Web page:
“Faith, my dear friend," Father Doyle replied firmly. "Faith, not proof, is what binds me to Catholicism, and Jesus Christ."
No! Jacob thought to himself. That was not what he wanted to hear — Father Doyle had to know more. He could not have spent decades as a priest, by just believing in parables from ancient texts. Before he could ask another question, Father Doyle continued as if he read Jacob's mind.
"You and I do not have the ability or knowledge to confirm scriptures, or events which happened centuries ago. Nevertheless, there have been constructive debates, scientific confirmation, and yes, some speculation regarding the validity of our Bible’s texts, both the Old and New Testaments."
Father Doyle continued. Jacob did not intend to interrupt him.
"When a person has explored their relevant questions, reflected on the answers, and reached an individual decision, they have two options. One, is to remain steadfast in what they believe is true — even if empirical proof is not available. Or, continue to search for alternate pathways to God and spirituality. I have satisfied myself, Jacob, that Jesus Christ is the way. Therefore, I believe what is written.”
Father Doyle leaned over and looked deeply into Jacob's eyes, saying, "At some time, Jacob, in your short life on Earth, you will have to acknowledge an absolute belief in a direction. If not, you will find yourself searching and never finding peace."
Jacob supposed it was okay for an individual to completely accept what was written in scriptures. Nevertheless, how could someone be positive they found God? He wondered if he did not settle on a specific ideology, and continued to search for God, would his life truly be without serenity. What if finding God is a journey toward spiritual growth, through the teachings of many philosophies and not restricted to a single interpretation of God's Word?
What if! What if! What if! Jacob thought to himself as he turned his attention back to what the good Father was saying.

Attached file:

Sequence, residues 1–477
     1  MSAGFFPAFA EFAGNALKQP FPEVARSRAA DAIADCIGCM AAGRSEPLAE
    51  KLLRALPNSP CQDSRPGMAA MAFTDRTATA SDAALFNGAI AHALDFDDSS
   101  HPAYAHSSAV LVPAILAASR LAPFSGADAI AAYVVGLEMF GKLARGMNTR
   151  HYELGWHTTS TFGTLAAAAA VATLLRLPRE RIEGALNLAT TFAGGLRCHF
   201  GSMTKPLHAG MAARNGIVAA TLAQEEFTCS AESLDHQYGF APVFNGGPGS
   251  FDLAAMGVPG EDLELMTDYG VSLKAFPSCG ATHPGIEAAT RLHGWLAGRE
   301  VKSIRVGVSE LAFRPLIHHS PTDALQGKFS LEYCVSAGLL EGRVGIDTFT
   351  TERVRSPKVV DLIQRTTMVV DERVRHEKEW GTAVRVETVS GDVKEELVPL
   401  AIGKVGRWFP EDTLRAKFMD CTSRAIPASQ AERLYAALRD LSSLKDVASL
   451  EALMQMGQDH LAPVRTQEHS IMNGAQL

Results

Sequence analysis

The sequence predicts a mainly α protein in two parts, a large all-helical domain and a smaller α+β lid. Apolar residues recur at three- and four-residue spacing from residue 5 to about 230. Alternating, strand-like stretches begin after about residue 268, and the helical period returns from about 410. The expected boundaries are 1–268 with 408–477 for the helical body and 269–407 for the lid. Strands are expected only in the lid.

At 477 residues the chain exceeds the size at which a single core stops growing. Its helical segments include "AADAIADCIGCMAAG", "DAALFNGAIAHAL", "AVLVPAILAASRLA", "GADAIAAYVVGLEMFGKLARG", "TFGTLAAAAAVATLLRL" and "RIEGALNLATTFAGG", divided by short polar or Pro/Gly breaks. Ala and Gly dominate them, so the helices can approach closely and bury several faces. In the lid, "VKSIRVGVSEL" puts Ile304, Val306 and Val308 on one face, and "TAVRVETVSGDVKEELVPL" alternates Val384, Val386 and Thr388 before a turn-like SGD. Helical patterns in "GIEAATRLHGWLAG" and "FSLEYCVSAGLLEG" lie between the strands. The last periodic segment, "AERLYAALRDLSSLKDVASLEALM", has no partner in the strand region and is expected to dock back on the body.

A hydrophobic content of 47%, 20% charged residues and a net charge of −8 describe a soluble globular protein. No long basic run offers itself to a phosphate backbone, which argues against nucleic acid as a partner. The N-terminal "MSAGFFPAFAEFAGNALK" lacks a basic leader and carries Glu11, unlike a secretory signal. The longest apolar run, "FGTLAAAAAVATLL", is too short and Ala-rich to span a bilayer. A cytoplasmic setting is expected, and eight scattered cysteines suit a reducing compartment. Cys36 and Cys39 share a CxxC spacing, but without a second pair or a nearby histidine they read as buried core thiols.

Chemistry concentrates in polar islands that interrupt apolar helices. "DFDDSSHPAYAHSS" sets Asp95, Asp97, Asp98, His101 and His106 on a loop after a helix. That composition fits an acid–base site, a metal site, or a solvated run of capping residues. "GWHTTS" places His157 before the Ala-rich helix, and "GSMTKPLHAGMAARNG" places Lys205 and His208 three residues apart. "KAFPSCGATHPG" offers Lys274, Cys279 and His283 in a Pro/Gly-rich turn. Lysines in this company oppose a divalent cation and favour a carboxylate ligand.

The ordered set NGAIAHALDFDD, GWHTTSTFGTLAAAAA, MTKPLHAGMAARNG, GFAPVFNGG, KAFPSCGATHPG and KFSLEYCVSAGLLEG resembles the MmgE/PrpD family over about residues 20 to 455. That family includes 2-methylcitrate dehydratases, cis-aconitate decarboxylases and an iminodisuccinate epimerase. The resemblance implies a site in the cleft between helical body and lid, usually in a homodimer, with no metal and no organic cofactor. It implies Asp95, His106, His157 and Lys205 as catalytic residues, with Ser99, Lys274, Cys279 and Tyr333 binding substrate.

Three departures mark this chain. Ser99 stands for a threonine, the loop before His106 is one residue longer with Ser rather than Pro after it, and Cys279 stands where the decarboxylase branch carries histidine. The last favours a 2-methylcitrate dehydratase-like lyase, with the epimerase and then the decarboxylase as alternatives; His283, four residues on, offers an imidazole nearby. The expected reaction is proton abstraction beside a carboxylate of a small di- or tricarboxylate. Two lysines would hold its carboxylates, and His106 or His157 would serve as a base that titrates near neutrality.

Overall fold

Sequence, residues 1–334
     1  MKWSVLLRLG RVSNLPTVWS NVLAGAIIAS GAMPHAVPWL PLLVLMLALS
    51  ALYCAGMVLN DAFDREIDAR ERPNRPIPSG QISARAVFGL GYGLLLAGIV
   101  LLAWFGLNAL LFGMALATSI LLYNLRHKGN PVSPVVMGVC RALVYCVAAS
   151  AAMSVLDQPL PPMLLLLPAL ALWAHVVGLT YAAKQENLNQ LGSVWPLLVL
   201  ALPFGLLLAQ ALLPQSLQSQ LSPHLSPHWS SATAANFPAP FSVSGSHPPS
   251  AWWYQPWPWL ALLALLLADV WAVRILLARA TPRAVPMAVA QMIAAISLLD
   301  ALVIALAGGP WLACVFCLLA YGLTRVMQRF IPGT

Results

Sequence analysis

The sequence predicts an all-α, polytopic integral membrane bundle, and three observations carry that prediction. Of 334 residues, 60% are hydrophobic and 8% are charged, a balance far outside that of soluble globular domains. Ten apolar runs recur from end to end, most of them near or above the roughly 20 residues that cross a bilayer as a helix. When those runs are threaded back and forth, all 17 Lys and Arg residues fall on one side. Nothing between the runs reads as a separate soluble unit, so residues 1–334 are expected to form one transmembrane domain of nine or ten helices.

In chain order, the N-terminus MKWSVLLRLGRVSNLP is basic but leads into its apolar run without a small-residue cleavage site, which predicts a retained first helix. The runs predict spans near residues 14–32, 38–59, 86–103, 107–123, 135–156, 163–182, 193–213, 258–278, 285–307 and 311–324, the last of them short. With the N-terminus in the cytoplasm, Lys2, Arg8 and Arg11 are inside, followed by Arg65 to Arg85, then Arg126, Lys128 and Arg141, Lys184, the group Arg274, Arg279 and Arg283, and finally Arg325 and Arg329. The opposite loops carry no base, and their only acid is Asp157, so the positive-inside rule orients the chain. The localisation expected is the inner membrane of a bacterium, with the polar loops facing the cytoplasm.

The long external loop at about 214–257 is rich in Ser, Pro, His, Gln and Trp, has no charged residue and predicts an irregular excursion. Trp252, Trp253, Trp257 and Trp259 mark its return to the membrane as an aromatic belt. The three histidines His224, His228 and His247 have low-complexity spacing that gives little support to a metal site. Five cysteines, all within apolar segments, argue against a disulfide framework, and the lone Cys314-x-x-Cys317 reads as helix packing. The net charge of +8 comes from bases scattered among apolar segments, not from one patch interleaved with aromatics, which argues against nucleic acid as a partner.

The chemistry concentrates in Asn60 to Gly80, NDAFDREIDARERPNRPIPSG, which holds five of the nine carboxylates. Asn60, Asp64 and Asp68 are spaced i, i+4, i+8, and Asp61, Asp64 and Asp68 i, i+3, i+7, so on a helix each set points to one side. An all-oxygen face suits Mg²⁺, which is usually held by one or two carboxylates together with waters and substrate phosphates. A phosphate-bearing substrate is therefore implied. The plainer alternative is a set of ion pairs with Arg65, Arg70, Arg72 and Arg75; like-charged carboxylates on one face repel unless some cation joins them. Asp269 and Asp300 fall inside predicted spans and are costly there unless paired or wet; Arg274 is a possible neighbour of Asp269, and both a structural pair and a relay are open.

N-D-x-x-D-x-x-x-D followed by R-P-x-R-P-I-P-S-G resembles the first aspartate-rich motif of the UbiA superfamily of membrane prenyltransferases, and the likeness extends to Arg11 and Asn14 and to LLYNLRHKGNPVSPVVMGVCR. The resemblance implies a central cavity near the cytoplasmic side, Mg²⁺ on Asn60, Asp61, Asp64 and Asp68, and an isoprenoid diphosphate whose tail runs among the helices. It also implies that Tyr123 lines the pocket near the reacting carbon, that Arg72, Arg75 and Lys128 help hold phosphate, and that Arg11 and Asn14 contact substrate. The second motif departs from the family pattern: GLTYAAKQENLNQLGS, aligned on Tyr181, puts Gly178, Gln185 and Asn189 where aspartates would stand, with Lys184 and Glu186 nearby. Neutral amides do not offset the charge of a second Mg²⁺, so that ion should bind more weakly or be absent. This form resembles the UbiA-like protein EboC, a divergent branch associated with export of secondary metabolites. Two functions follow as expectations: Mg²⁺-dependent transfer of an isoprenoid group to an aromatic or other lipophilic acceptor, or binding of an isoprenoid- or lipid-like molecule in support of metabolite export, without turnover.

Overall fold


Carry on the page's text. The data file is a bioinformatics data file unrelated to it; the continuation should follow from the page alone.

"Even an atheist,” Father Doyle continued, “acknowledges absolute belief in a theory. Even though they have cracks in their beliefs, as not being able to explain the origin of the tiny speck of energy, said to have exploded to create our universe. All the same, they are as adamant they are correct as any religion's followers."
"Nice parallel," Jacob replied. "Father, have you no concern with the scriptures as they are written and interpreted?"
"I don't, Jacob, yet it appears that you do. So, let's talk about your dilemma, because it is important to you.”
"Father,” Jacob said softly; "I have so many questions that I'm not sure where to begin."
Before Jacob could continue, he was interrupted by three sharp knocks on the rectory door. Thump! Thump! Thump! They repeated loudly. Each knock resonated through the rectory hall with an eerie cadence, which reminded Jacob of an old haunted house movie.
Father Doyle did not seem surprised as he rose from his chair and walked to the door. Interruptions were common. As he opened the door, he blocked Jacob's view of the figure standing in the doorway. Jacob could not hear what was being said, but he gasped as he recognized the portly man standing before him.
Bathed in the sunlight radiating through the rectory door was Cardinal Abbott Leopold, Jacob's worst nightmare.
As the two holy men walked toward him, he rose from his chair and extended his hand to greet his former high school principal. Jacob's mind raced back to the day he was called to His Eminence's office for swearing on the playground. He sat fearfully on a hard wooden chair as Father Leopold, as he was known then, stared at him for what seemed like hours.
After what was actually only a few minutes, Father Leopold rose from his chair, and while maintaining eye contact, cracked a ruler so hard across the top of his desk that Jacob thought he might have wetted his pants. The giant man bellowed, "Don't ever let me see you back in my office again, or you will think Satan is an evangelist! Is that clear?"
"Yes, your Highness!" Jacob shouted in terror, calling the priest by the wrong title.
"Now, get out!" Father Leopold yelled.
The next thing Jacob remembered was sitting at his classroom desk, uncertain of how he got there. To this day, he wondered if it happened by some “priestly magic,” or God. After so many years, Jacob felt confident the aged priest did not remember him or the event.